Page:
I tell him that in spite of it being a flat surface, the top of his dresser is not for toy storage. But still I find it cluttered with little boy things: rogue crayons, a LEGO keychain, piles of books. In his closet, there is a drawer full of treasures–tiny toys with many parts. I’ve tried, but I can’t decipher his criteria: one thing thrown haphazardly in the drawer while the next is proudly put on dresser display.
At six, his organizational skills are lacking. He zooms from one room to the next, a whirlwind of vignettes in his path. On the kitchen table there are the LEGO creations, littered with 2×2’s yet to be placed. His room is a board game tournament at the ready–each one perfectly set, only awaiting a playing partner. And on the coffee table, a parade of creatures lines the perimeter. Whether they march to certain doom or simply to the beat of an inaudible drum, I can’t be sure.
I threaten with loss of dessert, but then the landscape of his toy wonderland falls on forgetful eyes and happily I pass cookies or a cupcake. And then after the rush of bedtime I find his clutter there still and I remember. Drat! Another narrow escape.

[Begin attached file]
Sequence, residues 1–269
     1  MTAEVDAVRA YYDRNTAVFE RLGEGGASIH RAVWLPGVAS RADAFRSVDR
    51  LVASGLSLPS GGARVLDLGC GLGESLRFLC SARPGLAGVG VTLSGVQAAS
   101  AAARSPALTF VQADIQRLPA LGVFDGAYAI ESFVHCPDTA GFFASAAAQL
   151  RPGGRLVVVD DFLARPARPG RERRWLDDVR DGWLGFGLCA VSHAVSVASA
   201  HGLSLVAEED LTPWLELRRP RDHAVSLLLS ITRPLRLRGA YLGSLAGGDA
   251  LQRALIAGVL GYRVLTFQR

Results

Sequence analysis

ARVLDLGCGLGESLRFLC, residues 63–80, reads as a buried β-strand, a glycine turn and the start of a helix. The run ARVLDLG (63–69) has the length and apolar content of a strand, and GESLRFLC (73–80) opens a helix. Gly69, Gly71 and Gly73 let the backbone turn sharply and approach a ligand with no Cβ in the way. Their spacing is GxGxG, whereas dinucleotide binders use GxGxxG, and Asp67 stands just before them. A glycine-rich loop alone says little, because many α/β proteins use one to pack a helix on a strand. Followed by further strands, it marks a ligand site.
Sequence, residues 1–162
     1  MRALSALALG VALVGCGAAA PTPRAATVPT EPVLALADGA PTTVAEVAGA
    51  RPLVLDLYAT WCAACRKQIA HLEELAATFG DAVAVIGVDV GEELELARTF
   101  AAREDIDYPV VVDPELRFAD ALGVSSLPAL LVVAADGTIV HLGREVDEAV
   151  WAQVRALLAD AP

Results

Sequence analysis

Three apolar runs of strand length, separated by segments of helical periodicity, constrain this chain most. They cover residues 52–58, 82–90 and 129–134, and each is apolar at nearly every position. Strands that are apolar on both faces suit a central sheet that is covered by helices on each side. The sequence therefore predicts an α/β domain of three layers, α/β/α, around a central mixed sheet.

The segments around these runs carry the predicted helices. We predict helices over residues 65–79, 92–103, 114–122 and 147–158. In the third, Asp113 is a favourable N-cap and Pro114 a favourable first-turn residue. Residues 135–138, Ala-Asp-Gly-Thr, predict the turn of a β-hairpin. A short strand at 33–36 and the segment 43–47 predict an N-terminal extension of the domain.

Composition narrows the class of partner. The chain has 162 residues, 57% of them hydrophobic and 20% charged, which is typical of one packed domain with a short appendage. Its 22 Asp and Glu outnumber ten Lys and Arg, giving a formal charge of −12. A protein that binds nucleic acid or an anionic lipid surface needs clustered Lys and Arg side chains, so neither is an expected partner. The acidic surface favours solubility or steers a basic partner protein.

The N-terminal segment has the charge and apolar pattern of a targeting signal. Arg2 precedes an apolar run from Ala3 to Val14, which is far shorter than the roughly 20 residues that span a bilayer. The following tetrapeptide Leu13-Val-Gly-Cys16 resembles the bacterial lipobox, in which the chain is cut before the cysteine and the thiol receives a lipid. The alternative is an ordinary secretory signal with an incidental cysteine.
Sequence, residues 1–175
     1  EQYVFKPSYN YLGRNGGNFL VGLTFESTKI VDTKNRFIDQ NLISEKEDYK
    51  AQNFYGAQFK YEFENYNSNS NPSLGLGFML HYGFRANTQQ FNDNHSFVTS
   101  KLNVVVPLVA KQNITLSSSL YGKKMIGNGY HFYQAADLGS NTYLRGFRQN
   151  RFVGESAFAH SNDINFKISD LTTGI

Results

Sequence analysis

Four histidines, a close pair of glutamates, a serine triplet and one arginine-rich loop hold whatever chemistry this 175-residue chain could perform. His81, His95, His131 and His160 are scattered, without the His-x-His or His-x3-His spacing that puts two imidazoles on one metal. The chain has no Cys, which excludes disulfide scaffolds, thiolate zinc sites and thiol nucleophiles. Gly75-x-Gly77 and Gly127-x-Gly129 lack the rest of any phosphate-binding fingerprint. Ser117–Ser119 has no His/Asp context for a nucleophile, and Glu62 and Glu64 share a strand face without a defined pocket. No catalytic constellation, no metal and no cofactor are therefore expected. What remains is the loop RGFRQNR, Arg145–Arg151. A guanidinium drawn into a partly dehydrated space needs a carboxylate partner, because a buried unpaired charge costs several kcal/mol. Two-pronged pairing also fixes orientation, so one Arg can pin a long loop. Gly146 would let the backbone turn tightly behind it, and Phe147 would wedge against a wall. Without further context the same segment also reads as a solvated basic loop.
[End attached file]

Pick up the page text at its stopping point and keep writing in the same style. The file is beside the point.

I go about my dailies while he’s at school and as I drop off clean clothes or strip dirty sheets I’ll happen upon a disastrous scene: a mass graveyard of hand-me-down G.I. Joe torsos. Or Batman’s Joker cornered by a towering Buzz Lightyear. Sometimes they stop me in my tracks and I can’t help but to explore deeper, trying to piece the scene together. It’s like seeing the inner workings of his budding little mind–a perfectly preserved display that I can’t bear to disassemble before he maps the ending.
He’s not snips or snails or puppy dog tails. He’s acorns collected in a cupped shirt. He’s scavenged pennies. He’s hot pink vampire teeth from the school treasure box. He’s every birthday card ever sent. And the scribbled Sharpie note Daddy wrote on his lunchbox napkin.
With playscapes in progress in most every room, I find him on the couch by the window. He’s dressed for Tiger scouts, a book commanding his boyhood attentions.
His playthings are small and scattered, but his dreams are big and adventurous. He’s a boy and I’m so glad he’s mine.